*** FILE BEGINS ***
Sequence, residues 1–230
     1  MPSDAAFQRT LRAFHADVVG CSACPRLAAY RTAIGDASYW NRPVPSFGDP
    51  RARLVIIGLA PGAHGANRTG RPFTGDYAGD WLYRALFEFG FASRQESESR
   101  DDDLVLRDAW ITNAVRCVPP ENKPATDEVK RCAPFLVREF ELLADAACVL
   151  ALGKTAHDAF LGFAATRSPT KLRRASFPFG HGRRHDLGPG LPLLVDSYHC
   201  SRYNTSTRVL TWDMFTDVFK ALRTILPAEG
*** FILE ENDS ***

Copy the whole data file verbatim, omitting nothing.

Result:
Sequence, residues 1–230
     1  MPSDAAFQRT LRAFHADVVG CSACPRLAAY RTAIGDASYW NRPVPSFGDP
    51  RARLVIIGLA PGAHGANRTG RPFTGDYAGD WLYRALFEFG FASRQESESR
   101  DDDLVLRDAW ITNAVRCVPP ENKPATDEVK RCAPFLVREF ELLADAACVL
   151  ALGKTAHDAF LGFAATRSPT KLRRASFPFG HGRRHDLGPG LPLLVDSYHC
   201  SRYNTSTRVL TWDMFTDVFK ALRTILPAEG